In Dear and Glorious Physician, Taylor Caldwell writes enthusiastically about how the Roman gentile Lucanus, who later became Luke, goes on a search for God. The story of Saint Luke is the story of Everyman’s pilgrimage. Taylor’s text provided a characterization of Saint Luke that critics never appreciated, but she intertwined in it homilies that teach and inspire. For example, Iris says to her son that now he must put aside “childish things” and be a man, a quote from the first letter from Paul of Tarsus to the Christians at Corinth (1 Corinthians). Also, when Diodorus lies dying, he replies to Tiberius that a higher power to whom he “must commend [his] spirit” calls instead. Here Caldwell casts Diodorus as a holy character because his statement mirrors Jesus’ final words on the cross: “Father, into your hands I commend my spirit.” In short, Dear and Glorious Physician is a didactic novel—it instructs and forces the reader to think.
Caldwell’s popularity has been attributed to her support of traditional American domestic and ethical values by portraying male characters as strong and successful and female characters, especially wives and mothers, as the heart and moral center of the home. Men might go out into the world and excel, but in the evening they return to strong women for nurturance and guidance. The tired governor Diodorus goes first to Aurelia for comfort and, after her death, to Iris. Lucanus repeatedly turns to women for comfort, ultimately to Mary, Jesus’ mother. Men are heroes, Iris thinks, after Aeneas drowns attempting to save the financial records, but women are sensible. After a young woman undergoes a horrific operation, Keptah remarks to Lucanus that the surgery was harder on her husband. However, Caldwell’s good and generous women suffer. Sara waits patiently, never once looking at another man, and when Lucanus finally does propose, she realizes that he belongs to God instead. Mary’s sufferings are beyond description.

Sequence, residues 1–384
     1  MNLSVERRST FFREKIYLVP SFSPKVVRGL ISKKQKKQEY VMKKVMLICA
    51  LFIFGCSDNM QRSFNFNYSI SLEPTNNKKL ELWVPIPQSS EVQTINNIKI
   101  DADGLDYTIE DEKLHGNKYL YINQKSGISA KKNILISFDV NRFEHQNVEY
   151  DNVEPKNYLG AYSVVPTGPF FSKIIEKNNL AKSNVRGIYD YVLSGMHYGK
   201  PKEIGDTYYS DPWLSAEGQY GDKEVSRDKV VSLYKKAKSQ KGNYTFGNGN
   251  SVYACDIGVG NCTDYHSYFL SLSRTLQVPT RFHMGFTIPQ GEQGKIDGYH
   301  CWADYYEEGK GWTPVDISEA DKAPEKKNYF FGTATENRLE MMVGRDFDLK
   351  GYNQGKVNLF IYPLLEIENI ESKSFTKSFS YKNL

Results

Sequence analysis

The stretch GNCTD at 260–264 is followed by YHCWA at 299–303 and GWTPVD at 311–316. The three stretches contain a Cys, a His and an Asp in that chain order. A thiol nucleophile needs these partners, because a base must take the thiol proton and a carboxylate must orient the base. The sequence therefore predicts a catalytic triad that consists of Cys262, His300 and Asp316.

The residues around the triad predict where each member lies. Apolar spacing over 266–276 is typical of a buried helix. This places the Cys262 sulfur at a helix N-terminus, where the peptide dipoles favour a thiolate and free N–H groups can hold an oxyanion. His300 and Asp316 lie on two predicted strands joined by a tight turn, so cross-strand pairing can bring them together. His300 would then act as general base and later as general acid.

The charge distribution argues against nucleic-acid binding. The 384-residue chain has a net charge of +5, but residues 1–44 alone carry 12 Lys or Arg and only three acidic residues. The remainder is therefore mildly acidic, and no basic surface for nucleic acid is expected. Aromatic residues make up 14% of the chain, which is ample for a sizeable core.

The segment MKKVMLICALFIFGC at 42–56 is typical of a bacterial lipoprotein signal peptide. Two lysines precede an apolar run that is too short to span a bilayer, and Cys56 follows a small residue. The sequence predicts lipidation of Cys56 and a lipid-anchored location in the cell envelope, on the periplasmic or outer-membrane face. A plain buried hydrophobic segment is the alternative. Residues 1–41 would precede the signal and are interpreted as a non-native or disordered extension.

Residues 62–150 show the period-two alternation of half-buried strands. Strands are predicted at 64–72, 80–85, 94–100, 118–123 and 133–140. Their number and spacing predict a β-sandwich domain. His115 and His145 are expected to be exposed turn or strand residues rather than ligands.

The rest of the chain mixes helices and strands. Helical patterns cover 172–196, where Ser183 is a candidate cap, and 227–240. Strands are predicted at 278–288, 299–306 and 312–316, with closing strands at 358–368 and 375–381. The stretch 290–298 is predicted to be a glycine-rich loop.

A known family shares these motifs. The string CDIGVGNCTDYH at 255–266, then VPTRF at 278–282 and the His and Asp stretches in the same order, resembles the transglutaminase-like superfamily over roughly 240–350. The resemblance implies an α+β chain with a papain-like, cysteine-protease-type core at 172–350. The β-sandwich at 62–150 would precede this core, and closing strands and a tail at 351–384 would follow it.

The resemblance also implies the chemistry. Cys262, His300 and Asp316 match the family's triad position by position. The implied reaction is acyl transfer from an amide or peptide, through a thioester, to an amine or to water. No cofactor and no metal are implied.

Caldwell also preaches against intolerance, speaking out in particular against slavery. The characters who free slaves are blessed. In addition, she makes a parallel between the conflicts experienced between the powerful Romans and Rome’s subservient colonies with those experienced by majority and minority groups in twentieth century America. Rome’s decline, she suggests, is due to its increasing moral laxity and posits this as a warning to the United States.